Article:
THE OWNER of a Bethesda marketing firm - a dyed-in-the-wool baseball fan from way back - has cut back on his tickets to Baltimore Orioles games for this season so that he can buy some Washington Nationals tickets. Even as the Nats open their first season on the road in Philadelphia today and the O's open their season at home, a newly reborn rivalry has been joined.
We opposed the decision of Major League Baseball to move the former Montreal Expos franchise just 35 miles from Oriole Park at Camden Yards in Baltimore. Dividing a large baseball market inevitably translates into fewer resources with which to compete on the field. But that deal is done, and it's now time to play ball. And so, like baseball fans everywhere, we welcome the competition.
For the O's, of course, this is a whole new game. Owner Peter G. Angelos has received unusual guarantees that his ballclub will not suffer financially. If he has not always invested wisely the O's considerable resources in the past, a split market means there now is less margin for such errors. Recently, the team seems more efficient at the business of nurturing, signing and retaining talent; we hope that MLB's payoffs are used to build on this renewal.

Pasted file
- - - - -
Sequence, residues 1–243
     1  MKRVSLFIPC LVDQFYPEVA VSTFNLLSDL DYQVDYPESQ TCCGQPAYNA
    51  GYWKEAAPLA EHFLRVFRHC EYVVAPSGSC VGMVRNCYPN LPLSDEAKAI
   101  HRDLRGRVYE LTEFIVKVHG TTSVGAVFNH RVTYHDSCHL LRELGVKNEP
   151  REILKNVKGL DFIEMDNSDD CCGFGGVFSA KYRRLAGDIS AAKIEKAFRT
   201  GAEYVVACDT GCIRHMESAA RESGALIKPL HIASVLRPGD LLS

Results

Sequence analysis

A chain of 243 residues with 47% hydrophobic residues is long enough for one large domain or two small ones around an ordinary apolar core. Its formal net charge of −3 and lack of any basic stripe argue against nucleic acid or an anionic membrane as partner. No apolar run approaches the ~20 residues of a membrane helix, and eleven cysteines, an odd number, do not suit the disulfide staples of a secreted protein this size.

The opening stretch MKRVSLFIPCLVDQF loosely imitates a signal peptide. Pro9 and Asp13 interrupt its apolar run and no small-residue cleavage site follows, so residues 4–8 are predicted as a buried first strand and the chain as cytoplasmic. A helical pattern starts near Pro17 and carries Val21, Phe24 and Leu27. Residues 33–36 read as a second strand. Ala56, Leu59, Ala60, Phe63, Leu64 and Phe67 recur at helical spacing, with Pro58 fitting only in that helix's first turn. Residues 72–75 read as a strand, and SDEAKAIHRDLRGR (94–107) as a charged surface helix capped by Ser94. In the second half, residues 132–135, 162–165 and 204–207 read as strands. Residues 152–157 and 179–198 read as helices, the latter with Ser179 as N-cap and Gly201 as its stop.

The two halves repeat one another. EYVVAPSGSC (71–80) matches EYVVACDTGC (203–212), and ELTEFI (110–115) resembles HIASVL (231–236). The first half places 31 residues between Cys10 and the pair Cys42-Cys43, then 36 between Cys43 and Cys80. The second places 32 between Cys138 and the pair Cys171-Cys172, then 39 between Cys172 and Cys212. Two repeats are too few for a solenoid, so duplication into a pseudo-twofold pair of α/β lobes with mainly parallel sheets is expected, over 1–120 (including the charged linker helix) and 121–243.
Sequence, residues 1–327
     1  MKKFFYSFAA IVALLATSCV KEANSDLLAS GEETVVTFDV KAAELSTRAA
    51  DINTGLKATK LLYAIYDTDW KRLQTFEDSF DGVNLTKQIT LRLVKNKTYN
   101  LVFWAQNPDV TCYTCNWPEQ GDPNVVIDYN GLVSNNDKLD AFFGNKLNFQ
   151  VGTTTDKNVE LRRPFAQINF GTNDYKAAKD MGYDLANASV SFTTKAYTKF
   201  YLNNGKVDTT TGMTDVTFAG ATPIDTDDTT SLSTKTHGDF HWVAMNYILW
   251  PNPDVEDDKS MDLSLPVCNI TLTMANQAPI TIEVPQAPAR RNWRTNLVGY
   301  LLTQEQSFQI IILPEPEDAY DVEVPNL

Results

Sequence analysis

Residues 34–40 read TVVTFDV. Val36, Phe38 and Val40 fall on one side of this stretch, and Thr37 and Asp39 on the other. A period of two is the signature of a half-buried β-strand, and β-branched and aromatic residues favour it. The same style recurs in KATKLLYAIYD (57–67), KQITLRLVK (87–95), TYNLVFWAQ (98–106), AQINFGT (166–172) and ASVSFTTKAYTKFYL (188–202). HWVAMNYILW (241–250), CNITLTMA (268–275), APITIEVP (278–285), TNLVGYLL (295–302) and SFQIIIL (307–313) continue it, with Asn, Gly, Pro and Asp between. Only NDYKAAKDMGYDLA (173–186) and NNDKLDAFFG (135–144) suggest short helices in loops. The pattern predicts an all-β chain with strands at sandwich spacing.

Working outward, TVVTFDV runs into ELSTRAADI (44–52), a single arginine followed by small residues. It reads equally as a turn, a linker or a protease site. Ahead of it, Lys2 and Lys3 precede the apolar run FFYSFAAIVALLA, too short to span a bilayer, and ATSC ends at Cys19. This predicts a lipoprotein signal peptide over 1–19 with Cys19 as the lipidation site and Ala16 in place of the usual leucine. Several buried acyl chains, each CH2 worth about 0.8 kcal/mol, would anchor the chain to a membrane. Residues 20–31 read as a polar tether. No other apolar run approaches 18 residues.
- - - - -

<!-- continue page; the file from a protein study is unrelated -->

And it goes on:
Our only real regret is that the O's and Nats won't meet each other in interleague play this season. More than 30 years ago, before Washington lost the hapless Senators, they regularly served as doormats for much-stronger Oriole ballclubs. Waiting a year for this regional rivalry to resume on the field can only make it even sweeter when the O's once again walk all over the Nats.